Dr Alessandro Suglia

Research project title: 
Interactive Grounded Language Learning
Principal goal for project: 
Implementation of machine learning techniques that can be used to teach machines language representations that are grounded in other modalities such as vision
Research project: 

Natural Language (NL) is by far the easiest and most powerful communication device we possess, so it is reasonable to require an intelligent machine to be able to communicate through language [1]. Since the early days of Artificial Intelligence, researchers have tried to design systems able to communicate with humans, by relying on complex hand-engineered features (i.e., dialogue acts and slots). Although these handcrafted approaches can be effective for specific domains, it is clear that this kind of supervision will not allow these systems to scale due to the high variability of Natural Language utterances and the high cost and effort of data annotation for each new application. In recent years, Deep Learning techniques have demonstrated their effectiveness in different challenging games such as Go [2] and Poker [3] as well as several Natural Language Processing tasks such as Question Answering [4]. However, current models of natural language representation are blind because they are able to learn language meanings by looking at text only without relying on other modalities such as vision [5].

Language learning is an activity that is situated in an environment in which the learner does not learn in isolation. It interacts with other agents as well as with the environment. According to Wittgenstein [6], humans constantly play language games in which new meanings may arise which are useful to solve specific goals. The aim of this research project is to define a curriculum of situated language games to allow the agent to learn word meanings grounded in perceptual experience. Starting from the seminal work of the Talking Heads experiments [7], we are focusing on situated games such as guessing games as well as action execution games. The former, focus on learning to guess a hidden object in a scene by asking visually grounded questions. The latter requires the agent to understand and execute natural language instructions required to solve a more complex task.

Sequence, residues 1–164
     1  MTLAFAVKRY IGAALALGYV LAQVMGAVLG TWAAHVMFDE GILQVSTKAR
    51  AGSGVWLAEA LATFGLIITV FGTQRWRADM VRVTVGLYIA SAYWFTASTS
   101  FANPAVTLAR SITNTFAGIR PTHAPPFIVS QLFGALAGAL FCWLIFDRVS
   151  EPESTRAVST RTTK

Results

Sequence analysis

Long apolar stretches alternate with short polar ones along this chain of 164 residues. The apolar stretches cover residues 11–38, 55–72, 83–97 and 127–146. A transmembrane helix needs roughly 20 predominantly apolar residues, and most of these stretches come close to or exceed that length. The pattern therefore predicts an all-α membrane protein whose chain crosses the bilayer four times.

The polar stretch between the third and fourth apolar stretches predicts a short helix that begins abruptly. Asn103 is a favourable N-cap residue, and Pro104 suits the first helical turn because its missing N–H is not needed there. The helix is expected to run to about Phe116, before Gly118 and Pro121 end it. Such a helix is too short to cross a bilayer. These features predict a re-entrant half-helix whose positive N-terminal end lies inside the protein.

The most relevant research outcomes of this project are reported as follows and a more updated list can be found on my Google Scholar:

  1. "CompGuessWhat?!: A Multi-task Evaluation Framework for Grounded Language Learning", Association for Computational Linguistics (ACL) 2020
  2. "Imagining Grounded Conceptual Representations from Perceptual Information in Situated Guessing Games", International Conference on Computational Linguistics (COLING) 2020



  1. Mikolov, Tomas, Armand Joulin, and Marco Baroni. "A roadmap towards machine intelligence." arXiv preprint arXiv:1511.08130 (2015).
  2. Silver, David, et al. "Mastering the game of Go with deep neural networks and tree search." Nature 529.7587 (2016): 484-489.
  3. Moravčík, Matej, et al. "Deepstack: Expert-level artificial intelligence in no-limit poker." arXiv preprint arXiv:1701.01724 (2017).
  4. Devlin, Jacob, et al. "BERT: Pre-training of Deep Bidirectional Transformers for Language Understanding." Proceedings of the 2019 Conference of the North American Chapter of the Association for Computational Linguistics: Human Language Technologies, Volume 1 (Long and Short Papers). 2019.
  5. Bisk, Yonatan, et al. "Experience grounds language." arXiv preprint arXiv:2004.10151 (2020).
  6. Wittgenstein, Ludwig, and G. E. M. Anscombe. "Philosophical investigations." (1953).
  7. Steels, Luc. The Talking Heads experiment: Origins of words and meanings. Vol. 1. Language Science Press, 2015.


About me: 

I am a first year PhD student under the supervision of Prof. Oliver Lemon at the CDT of “Robotics and Autonomous Systems” at the Edinburgh Centre for Robotics. I am mainly interested in developing Deep Learning models for conversational agents that are able to continuously learn by interacting with the user and by exploiting features coming from the environment in which they are deployed. I received an MSc degree in "Knowledge Engineering and Machine Intelligence" from the University of Bari and before starting my PhD I was an NLP consultant for Plusimple, a health care startup. I was mainly responsible for developing a search engine able to retrieve personalised contents for the user as well as for developing an analytics platform aimed at extracting knowledge from raw data that were extracted from users sessions. I am currently a member of the Heriot-Watt team for the Alexa Prize Challenge. Follow our bot on Twitter and on our blog.